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Horrible Bosses: 6 ways to build back employees’ trust

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in Leaders & Managers,Management Training,People Management

Most employees already know if they have a horrible boss. They don’t need the media to point it out.

But TV shows like “The Office” and movies like “Horrible Bosses” (released in early July) help to feed conversations—from the breakrooms to the bars to TV talk shows—about how mad as hell people are about their bosses and what they’ll do if they can’t take it anymore.

Nearly half (46%) of employees say they work or have worked for an “unreasonable manager,” according to an OfficeTeam survey of 441 people. Among those, most (59%) stayed in their jobs and either tried to address the situation or resolved to live with it (see box below).

“Often, individuals are promoted because they excel in a given job, but that doesn’t mean they have the skills to be effective leaders,” said Robert Hosking, OfficeTeam executive director.

It’s difficult—if not impossible—to be a good manager without employee trust. The problem: Many employees are predisposed to mistrust managers, often because of bad experiences with bosses at other jobs.

So here are six ways managers can work to earn back the trust from their employees:

1. Speak and act with consistency. Employees look for management inconsistencies. So do what you tell employees you will do. In­con­sis­tent words and actions create an impression of unpredictability.

2. Don’t live in your office. You may feel you’re too busy to communicate, but the resulting aloofness can breed suspicion and distrust. Silence from a manager typically leads to uncertainty. And uncertainty creates a void. Unless a manager fills that void with clear communication, employees will assume the worst. Negativity and rumors will fill in the gaps. Make communicating with employees a top priority each day. Talk to employees on their “turf.” It will help you become more approachable.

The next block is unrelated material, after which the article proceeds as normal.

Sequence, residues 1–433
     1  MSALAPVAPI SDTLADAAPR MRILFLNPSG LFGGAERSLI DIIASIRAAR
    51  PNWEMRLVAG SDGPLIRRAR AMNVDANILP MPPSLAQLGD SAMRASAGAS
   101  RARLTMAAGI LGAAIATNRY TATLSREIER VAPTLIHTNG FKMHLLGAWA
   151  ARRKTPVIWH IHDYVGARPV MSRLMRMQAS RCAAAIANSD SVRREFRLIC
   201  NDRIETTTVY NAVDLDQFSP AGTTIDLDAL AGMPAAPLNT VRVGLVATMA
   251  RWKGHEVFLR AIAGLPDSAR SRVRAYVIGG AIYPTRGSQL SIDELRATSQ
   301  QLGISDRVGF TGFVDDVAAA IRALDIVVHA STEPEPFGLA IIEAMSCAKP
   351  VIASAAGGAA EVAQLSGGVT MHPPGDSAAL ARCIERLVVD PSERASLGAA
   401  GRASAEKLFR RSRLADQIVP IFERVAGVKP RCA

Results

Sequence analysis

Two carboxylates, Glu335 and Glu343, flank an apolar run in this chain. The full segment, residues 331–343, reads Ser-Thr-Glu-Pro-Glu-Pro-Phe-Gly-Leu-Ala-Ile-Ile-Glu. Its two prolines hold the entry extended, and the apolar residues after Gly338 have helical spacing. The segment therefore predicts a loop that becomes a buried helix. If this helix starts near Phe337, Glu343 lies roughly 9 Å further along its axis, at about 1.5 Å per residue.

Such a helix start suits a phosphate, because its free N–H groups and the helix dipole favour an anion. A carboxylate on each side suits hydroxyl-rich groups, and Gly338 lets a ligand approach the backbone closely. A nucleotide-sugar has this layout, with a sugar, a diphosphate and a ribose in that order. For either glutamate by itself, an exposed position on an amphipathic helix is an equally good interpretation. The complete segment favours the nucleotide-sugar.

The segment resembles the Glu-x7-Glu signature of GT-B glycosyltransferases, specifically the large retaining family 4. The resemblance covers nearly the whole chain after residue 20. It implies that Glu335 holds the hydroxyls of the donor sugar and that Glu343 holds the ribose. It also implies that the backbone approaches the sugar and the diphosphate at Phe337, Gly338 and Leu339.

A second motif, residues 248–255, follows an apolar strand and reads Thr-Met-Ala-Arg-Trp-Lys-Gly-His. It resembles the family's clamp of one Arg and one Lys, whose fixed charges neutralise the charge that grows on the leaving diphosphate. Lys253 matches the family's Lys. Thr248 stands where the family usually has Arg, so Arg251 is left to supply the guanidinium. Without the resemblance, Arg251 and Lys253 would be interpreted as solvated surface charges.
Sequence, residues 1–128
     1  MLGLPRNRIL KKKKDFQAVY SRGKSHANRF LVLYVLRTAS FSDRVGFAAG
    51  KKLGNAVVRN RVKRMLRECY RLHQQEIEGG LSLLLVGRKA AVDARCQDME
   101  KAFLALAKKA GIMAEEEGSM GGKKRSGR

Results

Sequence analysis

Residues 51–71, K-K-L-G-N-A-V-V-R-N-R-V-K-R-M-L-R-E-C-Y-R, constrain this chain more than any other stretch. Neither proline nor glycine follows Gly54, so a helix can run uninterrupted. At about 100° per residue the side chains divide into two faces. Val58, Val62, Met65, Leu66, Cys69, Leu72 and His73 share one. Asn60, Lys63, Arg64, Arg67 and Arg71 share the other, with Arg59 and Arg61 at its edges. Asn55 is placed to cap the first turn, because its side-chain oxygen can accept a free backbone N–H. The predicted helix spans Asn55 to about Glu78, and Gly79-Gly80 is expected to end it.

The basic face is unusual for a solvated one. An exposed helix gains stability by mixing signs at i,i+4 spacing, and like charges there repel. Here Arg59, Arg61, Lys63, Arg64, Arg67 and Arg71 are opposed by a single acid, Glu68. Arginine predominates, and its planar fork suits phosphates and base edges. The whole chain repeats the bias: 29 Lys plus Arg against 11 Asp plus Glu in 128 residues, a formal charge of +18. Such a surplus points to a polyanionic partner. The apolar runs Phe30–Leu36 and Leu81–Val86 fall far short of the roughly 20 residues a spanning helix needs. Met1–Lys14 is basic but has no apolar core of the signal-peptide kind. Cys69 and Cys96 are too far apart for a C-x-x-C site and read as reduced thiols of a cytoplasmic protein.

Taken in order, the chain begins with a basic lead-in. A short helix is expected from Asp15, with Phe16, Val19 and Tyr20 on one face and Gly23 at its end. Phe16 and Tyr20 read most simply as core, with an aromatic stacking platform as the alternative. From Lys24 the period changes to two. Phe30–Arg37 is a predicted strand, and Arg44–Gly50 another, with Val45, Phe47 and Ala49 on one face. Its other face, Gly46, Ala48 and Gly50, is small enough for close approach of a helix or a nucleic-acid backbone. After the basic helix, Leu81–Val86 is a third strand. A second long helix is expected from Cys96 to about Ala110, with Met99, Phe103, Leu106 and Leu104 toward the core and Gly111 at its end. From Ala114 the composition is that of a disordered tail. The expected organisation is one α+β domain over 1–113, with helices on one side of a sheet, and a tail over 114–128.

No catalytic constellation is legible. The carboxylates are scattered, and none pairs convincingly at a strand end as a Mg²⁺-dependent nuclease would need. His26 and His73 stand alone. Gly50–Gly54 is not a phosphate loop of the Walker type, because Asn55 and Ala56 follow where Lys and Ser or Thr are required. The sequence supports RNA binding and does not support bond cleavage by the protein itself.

3. Share your vision. It’s not enough to just be optimistic. It’s better to give your team something to be opti­mistic about. Share with em­ployees your big-picture goals for them and the department. And constantly reiterate what it will take for both to be successful.

4. Involve employees in decision-making. Employees tend to trust managers who value input from subordinates. Create an environment in which employees feel free to voice their opinions. Listen patiently to employees and implement suggestions that increase efficiency and produc­tivity.

5. Acknowledge their lives outside the office. Managers who get to know the person—not just the employee—have an easier time gaining the respect and trust of their workers. Know their hobbies, names of their family members and favorite sports teams.

6. Criticize privately. Allow employees to make mistakes without being humiliated. Offer constructive criticism in one-on-one meetings, not in front of others. Otherwise, em­ployees may feel vulnerable to receiving criticism any time in any setting.

Finally, trust your employees. It encourages them to trust you in return.

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